The press releases came with distressing regularity this fall. All announced that Chronic Wasting Disease (CWD) was found in new locations in LaCrosse, Dodge and Milwaukee counties.
CWD was first identified in Wisconsin in 2001 in one county. Now, CWD has been identified in 42 counties. It was first identified in Colorado in 1967 and has now been found in 24 states and two Canadian provinces, South Korea and Norway.
CWD has reached epidemic proportions in some Wisconsin counties, where infection rates are nearing fifty percent in certain portions of the deer population. Scientists are predicting a decline in the whitetail population in these areas. Scientists are also stating that CWD is threatening mule deer populations in Wyoming with extinction in roughly 40 years.
Since CWD was first identified, scientist have been researching the disease and have discovered many important facts about the disease. Current research was recently summarized in the report, The Challenges of CWD: Insidious and Dire. CWD is a part of a group of diseases known as Transmissible Spongiform Encephalopathy (TSE). Some other diseases in this class include mad cow disease (Bovine Spongiform Encephalopathy, BSE) and scrapie in sheep.
Research provides answers
One of the first characteristics of CWD that scientist worked to determine is how old is CWD? Younger diseases tend to be more contagious and deadly, while older diseases spread slower and kill fewer victims. When CWD was first identified, scientists wanted to know if this was the beginning of the disease or had it been present in the wild but just not detected?
After extensive research and modeling, it has been determined with great confidence that CWD is a new disease that developed in the 1960s. Testing of deer herds has helped to determine this fact. If CWD was a long-standing disease it would show up in testing over wide geographic areas. Instead CWD only shows up in the areas where it is already known.
The fact that CWD is always fatal also helped to determine that it is a new disease and if animals had had a long history with CWD they should have developed ways to fight it. However, due to the fatality rate, defenses against the disease has not had enough time to develop.
Trial and error
Scientist have spent a lot of time and effort in trying to kill the misfolded prion that causes CWD. They have treated the prions with alcohol, disinfectants, formaldehyde, detergents, protein enzymes, disinfectants, radiation, freezing, and heat (up to 1100 degrees).
None of these methods were 100 percent effective in killing CWD. Scientists also ran CWD through a typical sewage treatment regimen and found that it also survived and can last a long time in the wild. Scientists are not sure how long CWD can persist in the wild, however. In one documented case, the related disease, scabies, persisted for 16 years in a sheep barn and reinfected animals after they moved back into the barn.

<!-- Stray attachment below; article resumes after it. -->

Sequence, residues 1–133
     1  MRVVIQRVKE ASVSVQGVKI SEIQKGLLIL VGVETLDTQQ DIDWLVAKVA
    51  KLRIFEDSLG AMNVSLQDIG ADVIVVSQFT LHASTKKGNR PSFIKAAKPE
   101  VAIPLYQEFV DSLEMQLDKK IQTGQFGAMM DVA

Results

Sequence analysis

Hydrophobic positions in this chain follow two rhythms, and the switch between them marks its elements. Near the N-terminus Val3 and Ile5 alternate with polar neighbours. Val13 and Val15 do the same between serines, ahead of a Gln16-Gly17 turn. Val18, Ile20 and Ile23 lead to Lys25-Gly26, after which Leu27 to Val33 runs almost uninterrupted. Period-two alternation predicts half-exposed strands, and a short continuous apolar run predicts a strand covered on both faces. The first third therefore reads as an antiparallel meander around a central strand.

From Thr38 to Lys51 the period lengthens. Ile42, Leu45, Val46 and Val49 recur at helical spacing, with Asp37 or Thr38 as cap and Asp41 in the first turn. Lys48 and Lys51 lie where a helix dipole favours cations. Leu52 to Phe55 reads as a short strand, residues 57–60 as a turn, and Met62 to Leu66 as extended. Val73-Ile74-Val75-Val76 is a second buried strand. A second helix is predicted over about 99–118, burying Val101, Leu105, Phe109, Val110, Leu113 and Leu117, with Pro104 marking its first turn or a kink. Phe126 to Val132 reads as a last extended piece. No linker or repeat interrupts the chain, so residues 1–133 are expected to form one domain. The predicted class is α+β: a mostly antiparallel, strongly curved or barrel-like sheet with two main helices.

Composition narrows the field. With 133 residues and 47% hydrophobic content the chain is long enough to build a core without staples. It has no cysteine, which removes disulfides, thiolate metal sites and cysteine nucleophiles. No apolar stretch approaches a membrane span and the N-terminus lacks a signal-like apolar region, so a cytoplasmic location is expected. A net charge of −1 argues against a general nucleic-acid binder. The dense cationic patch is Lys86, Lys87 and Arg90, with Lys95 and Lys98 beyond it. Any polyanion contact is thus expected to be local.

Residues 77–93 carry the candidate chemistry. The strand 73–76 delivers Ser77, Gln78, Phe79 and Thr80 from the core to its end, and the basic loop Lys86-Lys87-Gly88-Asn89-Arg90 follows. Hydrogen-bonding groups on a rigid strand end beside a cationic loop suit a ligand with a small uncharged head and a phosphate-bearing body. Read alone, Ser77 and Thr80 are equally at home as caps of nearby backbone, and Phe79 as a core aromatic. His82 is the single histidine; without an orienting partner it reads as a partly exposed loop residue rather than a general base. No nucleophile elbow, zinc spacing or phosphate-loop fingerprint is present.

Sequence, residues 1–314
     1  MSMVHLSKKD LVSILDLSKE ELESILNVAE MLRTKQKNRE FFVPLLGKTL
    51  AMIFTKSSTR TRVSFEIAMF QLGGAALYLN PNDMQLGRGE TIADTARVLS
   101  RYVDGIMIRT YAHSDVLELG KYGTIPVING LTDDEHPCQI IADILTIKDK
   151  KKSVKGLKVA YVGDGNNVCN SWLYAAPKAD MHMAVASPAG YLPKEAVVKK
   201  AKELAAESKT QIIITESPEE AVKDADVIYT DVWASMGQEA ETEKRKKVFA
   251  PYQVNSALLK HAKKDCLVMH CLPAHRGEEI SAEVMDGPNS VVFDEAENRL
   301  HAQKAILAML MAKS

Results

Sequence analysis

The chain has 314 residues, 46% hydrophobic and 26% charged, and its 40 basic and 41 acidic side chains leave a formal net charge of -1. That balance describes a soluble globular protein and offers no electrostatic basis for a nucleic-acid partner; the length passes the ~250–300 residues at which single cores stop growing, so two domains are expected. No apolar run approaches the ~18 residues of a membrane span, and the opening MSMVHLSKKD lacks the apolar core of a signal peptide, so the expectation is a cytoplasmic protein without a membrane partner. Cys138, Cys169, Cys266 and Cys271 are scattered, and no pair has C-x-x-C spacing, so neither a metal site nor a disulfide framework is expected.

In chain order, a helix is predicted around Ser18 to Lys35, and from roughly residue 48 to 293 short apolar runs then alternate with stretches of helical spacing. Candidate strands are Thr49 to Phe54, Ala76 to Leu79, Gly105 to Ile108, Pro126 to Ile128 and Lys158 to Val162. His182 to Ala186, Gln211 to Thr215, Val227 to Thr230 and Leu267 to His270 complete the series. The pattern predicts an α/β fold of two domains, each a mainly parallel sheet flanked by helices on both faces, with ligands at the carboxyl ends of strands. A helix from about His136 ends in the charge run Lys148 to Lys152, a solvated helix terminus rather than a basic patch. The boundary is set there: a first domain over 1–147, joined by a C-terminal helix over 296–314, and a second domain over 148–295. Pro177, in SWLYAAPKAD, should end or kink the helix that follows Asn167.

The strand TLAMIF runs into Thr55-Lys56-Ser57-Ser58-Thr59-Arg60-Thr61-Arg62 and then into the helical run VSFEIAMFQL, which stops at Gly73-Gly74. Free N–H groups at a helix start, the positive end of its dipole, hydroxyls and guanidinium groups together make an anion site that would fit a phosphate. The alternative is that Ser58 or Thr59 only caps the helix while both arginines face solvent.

Since it’s nearly impossible to kill CWD, scientists want to know how it spreads so it can be contained. CWD has been spread by long range and local vectors. The major long-range vector for CWD is the transportation of infected deer from one deer farm to another.
One game farm in South Dakota shipped infected deer to Saskatchewan and ended up infecting deer in 21 different locations in the Canadian province. In Wisconsin, CWD in captive deer herds have been responsible for the spread in numerous counties including Eau Claire County. Studies have also shown that the stress and density of deer in deer farms increases the risk of contraction.
Avenues of contraction
Deer carcass transportation by hunters can also spread CWD if the carcass is not properly disposed in a landfill. Any deer harvested in a known infected area should be treated as a CWD positive animal until testing proves otherwise. Dumping untested deer carcasses in road ditches and on DNR land will eventually lead to the spread of the disease.
Once CWD is introduced into a local area, it is spread from animal to animal by a variety of means. Thus far, scientists have determined that CWD can be transmitted directly from deer to deer via saliva, urine, and feces. It can also be transmitted indirectly.
Recent research shows that plants absorb CWD prions through their roots, and then the prions can be ingested by deer and subsequently become infected. CWD can also be present in soil and water, resulting in carcasses of deer that die from CWD to spread the disease further. Multiple species of animals and birds feed on the carcass and then can potentially spread the prions via their feces.
Deer can have an active CWD infection for up to 15 months before they begin to show signs of the infection. They can spread the always fatal disease in that time. CWD is now the largest prion-based disease in recorded history and there is no known way to treat it.
Slowing down the spread of the disease is the only course of action currently available. Practices that help slow the spread of the disease include reducing deer density, baiting and feeding bans, double fencing at deer farms, and extensive testing for CWD in deer. Unfortunately, none of these options are being vigorously pursued in Wisconsin.